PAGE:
Going through the voluminous blog and article posts filling up my neglected Feedly, these are the ed tech ones that I felt were worth sharing.
Cult of Pedagogy blogged about 6 Ed Tech Tools to Try in 2016.
She mentioned some that were unsurprising, like Formative. I really want to look more into this one, but with everything on my plate the thought is a little too daunting for this school year.
One I'm going to try for sure, in fact right now, is Noisli. Noisli is a white noise app. Currently, I've just added a crackling fire to listen to since I have the sounds of rain from an actual storm outside. It's making me feel just a bit more toasty. I can see playing this is class to help students focus, or allowing students to listen to it instead of music they spend too much time picking in order to help them focus and be productive.
Another that sparked my interest was Write About. Jennifer writes that Write about "provid[es] students with an online space to write on high-interest topics and get feedback from their peers". The other things she mentions, like a collection of writing ideas and voice recordings, intrigue me. But --yup, I have a but--the free version only allows for 40 students. This is something that as a teacher in a secondary (junior high and high school) classroom frustrates me with many programs out there for teacher-to-student use. Why do only elementary school teachers get to try things for free? Or, why do secondary teachers only get to choose one class?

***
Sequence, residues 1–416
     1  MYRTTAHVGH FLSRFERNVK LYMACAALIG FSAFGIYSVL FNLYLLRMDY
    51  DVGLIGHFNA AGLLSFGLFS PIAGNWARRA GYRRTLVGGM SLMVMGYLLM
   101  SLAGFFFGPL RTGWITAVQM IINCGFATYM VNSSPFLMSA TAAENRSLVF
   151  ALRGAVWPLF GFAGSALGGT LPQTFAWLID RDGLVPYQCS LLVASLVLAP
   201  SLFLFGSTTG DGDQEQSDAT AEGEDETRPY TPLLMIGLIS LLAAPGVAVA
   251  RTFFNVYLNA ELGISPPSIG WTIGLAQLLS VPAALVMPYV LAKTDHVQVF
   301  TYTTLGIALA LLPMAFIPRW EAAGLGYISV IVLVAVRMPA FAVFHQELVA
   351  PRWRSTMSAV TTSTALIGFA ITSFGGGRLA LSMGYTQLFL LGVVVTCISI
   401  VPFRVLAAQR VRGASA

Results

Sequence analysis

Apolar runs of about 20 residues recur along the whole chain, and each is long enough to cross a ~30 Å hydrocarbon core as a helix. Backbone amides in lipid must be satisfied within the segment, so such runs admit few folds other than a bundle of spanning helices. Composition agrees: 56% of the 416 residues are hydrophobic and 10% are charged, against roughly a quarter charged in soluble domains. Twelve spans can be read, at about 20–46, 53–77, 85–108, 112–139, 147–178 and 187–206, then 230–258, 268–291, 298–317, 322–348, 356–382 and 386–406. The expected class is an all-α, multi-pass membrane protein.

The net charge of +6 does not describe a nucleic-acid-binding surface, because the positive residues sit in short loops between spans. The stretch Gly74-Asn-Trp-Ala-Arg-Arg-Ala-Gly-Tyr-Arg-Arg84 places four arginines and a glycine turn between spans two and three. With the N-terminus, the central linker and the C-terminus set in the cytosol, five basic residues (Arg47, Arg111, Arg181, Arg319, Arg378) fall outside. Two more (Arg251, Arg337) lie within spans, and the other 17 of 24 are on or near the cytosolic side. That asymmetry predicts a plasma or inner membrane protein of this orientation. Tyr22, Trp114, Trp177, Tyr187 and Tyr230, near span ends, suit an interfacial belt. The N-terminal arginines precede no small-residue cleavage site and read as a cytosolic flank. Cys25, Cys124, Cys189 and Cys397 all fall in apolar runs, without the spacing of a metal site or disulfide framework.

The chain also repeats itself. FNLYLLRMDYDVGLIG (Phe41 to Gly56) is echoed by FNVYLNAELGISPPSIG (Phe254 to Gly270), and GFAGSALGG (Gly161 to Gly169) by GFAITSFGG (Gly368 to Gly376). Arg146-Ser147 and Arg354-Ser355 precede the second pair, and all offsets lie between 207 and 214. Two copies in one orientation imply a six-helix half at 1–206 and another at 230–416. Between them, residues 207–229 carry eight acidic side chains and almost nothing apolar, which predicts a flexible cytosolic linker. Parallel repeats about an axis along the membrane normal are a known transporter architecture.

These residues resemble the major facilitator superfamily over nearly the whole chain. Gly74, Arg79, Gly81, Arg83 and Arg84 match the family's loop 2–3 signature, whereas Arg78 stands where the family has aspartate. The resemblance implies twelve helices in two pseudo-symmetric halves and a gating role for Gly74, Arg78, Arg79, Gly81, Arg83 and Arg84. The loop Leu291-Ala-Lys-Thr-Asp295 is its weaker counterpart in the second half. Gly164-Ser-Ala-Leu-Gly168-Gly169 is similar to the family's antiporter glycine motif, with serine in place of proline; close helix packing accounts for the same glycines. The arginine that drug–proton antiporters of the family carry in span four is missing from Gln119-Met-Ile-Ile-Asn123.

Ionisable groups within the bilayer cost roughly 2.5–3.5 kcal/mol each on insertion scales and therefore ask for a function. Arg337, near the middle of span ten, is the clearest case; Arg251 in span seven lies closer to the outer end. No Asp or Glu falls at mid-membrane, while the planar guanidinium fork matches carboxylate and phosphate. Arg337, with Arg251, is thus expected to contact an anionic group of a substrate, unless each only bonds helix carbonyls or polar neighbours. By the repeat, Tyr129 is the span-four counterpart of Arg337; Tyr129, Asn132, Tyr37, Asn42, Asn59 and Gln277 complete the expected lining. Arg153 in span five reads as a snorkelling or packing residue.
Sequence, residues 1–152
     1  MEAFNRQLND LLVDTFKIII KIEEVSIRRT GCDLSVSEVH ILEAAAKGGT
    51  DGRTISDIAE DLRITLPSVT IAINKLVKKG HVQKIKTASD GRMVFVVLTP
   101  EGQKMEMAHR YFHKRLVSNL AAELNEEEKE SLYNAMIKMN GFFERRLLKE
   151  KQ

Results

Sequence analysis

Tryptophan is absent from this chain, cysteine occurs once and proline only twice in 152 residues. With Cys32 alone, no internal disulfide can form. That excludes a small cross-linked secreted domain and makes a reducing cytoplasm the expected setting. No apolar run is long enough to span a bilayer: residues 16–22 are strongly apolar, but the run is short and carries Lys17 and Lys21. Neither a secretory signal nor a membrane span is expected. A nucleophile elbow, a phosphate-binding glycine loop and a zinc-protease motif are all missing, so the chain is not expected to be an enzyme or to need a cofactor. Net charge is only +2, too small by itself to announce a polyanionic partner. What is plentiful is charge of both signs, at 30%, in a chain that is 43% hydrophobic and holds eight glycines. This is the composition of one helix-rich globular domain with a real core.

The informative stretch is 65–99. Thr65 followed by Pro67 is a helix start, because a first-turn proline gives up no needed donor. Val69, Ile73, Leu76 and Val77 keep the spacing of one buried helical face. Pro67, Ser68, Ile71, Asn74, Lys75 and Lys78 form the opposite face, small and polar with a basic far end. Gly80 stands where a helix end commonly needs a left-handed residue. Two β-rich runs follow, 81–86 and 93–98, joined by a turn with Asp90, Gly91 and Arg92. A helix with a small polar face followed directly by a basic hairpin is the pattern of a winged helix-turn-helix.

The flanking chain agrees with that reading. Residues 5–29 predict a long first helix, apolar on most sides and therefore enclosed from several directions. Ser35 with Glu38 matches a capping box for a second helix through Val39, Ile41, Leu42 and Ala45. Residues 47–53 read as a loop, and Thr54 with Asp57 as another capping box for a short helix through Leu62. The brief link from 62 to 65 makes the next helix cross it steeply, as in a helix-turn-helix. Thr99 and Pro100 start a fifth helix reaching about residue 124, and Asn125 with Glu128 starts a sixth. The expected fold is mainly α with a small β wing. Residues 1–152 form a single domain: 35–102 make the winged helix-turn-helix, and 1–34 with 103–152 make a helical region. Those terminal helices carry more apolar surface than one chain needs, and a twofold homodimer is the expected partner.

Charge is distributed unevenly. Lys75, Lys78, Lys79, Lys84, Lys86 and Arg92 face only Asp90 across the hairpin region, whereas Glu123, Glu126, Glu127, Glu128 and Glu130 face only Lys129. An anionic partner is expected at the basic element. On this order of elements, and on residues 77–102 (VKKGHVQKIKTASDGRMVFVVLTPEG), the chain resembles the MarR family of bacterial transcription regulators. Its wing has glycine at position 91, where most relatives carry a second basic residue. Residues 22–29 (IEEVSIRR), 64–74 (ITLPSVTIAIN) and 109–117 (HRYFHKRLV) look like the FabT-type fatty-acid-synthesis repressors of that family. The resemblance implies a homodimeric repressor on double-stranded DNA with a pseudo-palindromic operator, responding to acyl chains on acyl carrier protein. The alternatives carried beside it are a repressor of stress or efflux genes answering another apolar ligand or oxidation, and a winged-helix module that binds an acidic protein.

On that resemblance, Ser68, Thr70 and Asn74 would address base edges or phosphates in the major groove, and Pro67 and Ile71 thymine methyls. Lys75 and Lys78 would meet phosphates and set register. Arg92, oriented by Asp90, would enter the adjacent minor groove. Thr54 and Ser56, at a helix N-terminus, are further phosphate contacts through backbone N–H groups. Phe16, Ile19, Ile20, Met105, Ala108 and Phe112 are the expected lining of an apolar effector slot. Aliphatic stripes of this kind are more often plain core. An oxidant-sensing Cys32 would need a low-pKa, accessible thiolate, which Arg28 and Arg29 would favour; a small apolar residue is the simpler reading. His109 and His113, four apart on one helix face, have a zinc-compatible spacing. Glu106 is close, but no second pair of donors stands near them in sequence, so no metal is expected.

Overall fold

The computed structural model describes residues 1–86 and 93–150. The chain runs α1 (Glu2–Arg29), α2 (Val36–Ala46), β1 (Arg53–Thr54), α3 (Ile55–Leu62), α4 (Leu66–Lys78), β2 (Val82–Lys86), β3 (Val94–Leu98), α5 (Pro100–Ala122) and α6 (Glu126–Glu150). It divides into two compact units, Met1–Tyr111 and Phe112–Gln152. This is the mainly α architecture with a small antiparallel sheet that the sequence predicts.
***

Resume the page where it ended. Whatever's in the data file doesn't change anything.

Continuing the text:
Over at Ask a Tech Teacher, Jacqui Murray talked about a service called Storyboard That. I was intrigued by it because it appeared to allow students to create comic book style storyboards, which would be a great tool for sequencing the plot of a story we've read in class, instead of doing a flow map. It seems to have multiple visual uses and some work already created, like for Romeo and Juliet. But, it's only free for a two-week trial. The pricing isn't outrageous. Elementary school teachers, you could get away with $60/year, and I would spend $75. They do have department and school pricing, but there always needs to be someone who tries it first.
Jacqui also supplied me with a tip for my Chromebook I didn't know about.